Guide To Diving and Snorkeling In Central Mozambique

Mozambique sees fewer tourists than other Indian Ocean destinations, and as such makes a great place to swim, dive and snorkel away from the crowds you’ll encounter in Tanzania or Kenya. While the capital Maputo doesn’t offer much in the way of watersports, you need only hop across the bay to the island of Inhaca for a day of snorkelling. Further afield, Ponta d’Ouro in the far south offers both surfing and diving, while the reefs in central Mozambique at Tofo, Vilanculos and the Bazaruto archipelago are spectacular. Here’s our guide to the best spots for diving and snorkeling in central Mozambique.

Vilanculos and the Bazaruto archipelago

If you’re looking for a beautiful spot that’s dive-able every day, come rain or sunshine, look no further than Two Mile Reef, a stunning reef that’s a short speedboat ride away from Bazaruto or Benguerra Island in central Mozambique. Many visitors say that Two Mile Reef affords better diving and snorkelling experiences than those on offer in Egypt, Thailand or Malaysia. It’s also one of the rare reefs suitable for everyone, from beginner kids to advanced dive instructors.

two mile reef

Two Mile Reef (Courtesy of

On Two Mile Reef anything is possible,” dive instructor Vouter, who works at Azura on Benguerra Island, told us. “In the winter you might see whales, and there are a lot of turtles and devil rays – which look like baby manta rays, and like to travel in big schools of ten to 25.”

There are also angelfish — look out for the youngsters with their psychedelic markings — and unusual specimens like sea apples, something of a cross between coral and fish, with yellow and purple fingers with which they catch plankton. Surgeon fish, bluestreak cleaners, batfish and tuna are also a common sight. Whale sharks turn up at the reef from November to February, but they can be hard to spot and are typically shy around boats. Two-meter long gray reef sharks — beautiful but not dangerous — are more common. You might also spot gorgeous thistle corals. More experienced divers will want to check out the deeper caves and square linear rocks at Two Mile Reef, the reef at Santa Carolina Island, or head to Five Mile Reef which has a depth of between 20 and 25 meters. Even further afield is San Sebastian Reef, with its depth and strong currents; that’s one for advanced divers only.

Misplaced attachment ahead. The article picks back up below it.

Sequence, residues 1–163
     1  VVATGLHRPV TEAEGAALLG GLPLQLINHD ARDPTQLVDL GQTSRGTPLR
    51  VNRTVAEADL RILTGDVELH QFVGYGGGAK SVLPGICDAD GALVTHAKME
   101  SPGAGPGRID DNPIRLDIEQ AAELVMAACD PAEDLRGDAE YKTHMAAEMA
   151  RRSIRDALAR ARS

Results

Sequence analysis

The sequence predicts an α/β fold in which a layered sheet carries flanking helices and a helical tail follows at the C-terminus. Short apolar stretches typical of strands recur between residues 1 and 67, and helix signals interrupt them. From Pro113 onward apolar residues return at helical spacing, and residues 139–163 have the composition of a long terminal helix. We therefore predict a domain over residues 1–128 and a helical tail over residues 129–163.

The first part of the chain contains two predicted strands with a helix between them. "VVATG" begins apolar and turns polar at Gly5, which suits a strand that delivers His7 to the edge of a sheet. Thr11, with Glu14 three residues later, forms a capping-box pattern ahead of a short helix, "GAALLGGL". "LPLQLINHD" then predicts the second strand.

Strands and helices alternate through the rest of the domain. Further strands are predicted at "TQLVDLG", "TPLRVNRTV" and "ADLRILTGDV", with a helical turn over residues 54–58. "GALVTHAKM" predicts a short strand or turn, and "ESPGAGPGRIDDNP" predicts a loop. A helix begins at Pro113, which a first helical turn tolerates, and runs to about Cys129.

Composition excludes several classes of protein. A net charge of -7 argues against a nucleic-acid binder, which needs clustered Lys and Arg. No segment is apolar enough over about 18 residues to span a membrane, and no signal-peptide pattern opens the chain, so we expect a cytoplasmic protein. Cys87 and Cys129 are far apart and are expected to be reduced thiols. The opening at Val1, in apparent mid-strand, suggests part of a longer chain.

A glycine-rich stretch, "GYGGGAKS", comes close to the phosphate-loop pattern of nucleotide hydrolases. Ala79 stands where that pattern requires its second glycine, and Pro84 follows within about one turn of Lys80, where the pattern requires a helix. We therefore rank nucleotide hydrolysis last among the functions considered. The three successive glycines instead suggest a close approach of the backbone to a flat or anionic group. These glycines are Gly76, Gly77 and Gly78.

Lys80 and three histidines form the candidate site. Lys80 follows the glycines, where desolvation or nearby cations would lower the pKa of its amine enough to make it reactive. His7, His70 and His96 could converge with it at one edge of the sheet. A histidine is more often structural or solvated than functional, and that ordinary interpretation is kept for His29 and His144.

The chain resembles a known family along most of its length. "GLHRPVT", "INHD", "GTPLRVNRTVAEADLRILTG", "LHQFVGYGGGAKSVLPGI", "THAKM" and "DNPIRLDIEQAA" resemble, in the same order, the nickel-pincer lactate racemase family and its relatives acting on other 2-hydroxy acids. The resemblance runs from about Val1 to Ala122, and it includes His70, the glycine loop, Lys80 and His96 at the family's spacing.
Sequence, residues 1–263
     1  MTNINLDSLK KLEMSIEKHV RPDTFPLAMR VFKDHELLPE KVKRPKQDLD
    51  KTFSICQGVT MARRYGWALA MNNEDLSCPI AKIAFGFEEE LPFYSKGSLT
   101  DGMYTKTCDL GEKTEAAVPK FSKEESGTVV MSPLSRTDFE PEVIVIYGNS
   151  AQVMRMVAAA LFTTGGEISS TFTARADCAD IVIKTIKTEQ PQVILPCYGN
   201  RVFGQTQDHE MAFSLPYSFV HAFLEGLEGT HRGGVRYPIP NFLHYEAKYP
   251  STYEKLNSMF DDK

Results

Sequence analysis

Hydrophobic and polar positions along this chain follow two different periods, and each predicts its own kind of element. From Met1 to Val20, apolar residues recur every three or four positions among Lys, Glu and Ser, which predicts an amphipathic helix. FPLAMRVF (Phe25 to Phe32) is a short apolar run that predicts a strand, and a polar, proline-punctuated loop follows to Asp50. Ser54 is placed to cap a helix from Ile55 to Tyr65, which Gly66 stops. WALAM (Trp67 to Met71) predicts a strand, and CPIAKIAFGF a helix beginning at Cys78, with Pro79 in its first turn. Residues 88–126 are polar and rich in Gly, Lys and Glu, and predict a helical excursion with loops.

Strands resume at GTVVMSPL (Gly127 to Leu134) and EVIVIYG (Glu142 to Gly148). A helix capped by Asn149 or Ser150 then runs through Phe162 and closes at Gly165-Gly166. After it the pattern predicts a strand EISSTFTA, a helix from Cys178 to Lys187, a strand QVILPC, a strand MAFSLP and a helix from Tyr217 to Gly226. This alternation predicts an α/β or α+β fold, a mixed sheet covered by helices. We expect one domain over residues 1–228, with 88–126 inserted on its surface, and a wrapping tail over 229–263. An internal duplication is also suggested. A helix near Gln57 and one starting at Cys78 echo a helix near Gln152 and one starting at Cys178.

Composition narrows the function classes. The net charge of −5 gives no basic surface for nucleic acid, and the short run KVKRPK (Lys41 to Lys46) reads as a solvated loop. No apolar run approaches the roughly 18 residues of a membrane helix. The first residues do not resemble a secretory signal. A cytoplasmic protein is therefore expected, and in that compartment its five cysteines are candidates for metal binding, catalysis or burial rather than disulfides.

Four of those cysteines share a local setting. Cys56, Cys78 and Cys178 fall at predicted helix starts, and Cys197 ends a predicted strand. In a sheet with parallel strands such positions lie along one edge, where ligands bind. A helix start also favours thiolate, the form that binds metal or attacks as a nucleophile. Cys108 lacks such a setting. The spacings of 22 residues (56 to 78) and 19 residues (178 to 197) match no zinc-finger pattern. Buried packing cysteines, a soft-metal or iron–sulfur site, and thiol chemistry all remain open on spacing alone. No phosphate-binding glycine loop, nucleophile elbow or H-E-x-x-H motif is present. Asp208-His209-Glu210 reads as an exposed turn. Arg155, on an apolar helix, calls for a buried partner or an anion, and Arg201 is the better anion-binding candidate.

Most hotels and lodges in Vilanculos and the Bazaruto archipelago can organize diving or snorkelling trips, but I recommend using an expert provider. I love the dive school at Azura Retreat on Benguerra Island, equipped with its own plunge pool, but you’ll need to be a resident at the lodge to use it. If you’re staying in Vilanculos on the mainland, Odyssea Dive is a firm favorite; they can organize personally-tailored dives, with trips out to Two Mile Reef starting at 3100 Mets per person, and rising to 14,400 Mets for full Open Water certification. Owner Denis also arranges snorkelling trips to Two Mile Reef. Those cost 2000 Mets in the low season and 2300 Mets during the high season. National park fees cost an additional 400 Mets per person, and all day trips include a healthy packed lunch.


tofo reef

Tofo reef (Shutterstock)

The laid-back, hippy resort town of Tofo — famous for its large whale shark population — lies about eight hours’ drive north of Maputo, and is home to excellent snorkelling and diving. Lodges in Tofo generally offer affordable accommodation along the ocean front, and it’s a great spot to kick back and shake away stress. At 25km away from the regional capital of Inhambane, Tofo is popular with day-trippers, as well as with weekenders from Maputo. It’s calm, almost soporific vibe makes it a good place to relax, watch fishermen with their graceful dhows, shop at the market for fresh crab and shrimp, and lie back on the sands of nearby Tofinho beach.

There are at least 16 great dive and snorkelling spots in Tofo, all creatively named, such as the Chamber of Secrets, Mike’s Cupboard and Giant’s Castle. For accommodation, Paradise Dunes has great cottages for groups and families right on the beach, from 970 South African rand. Tofo Beach Backpackers makes a good budget option, with private rooms from 1000 Mets and dorm beds from 300 Mets per person. It’s close to the beach and Diversity Scuba.

There are two main, long-running diving schools in Tofo: Tofo Scuba and Diversity Scuba, although others are popping up all the time — mainly South African owned — and it’s always worth checking out the competition. Tofo Scuba offers two sea dives for 9,200 Mets per person, and has an extensive menu including options such as search and rescue dive training as well as snorkelling trips, from the price of 2000 Mets. Diversity Scuba offers similarly-priced trips, as well as two-hour ocean safari trips to snorkel with whale sharks and spot humpback whales (from November to May). It’s common to spot as many as 30 whale sharks at one time.

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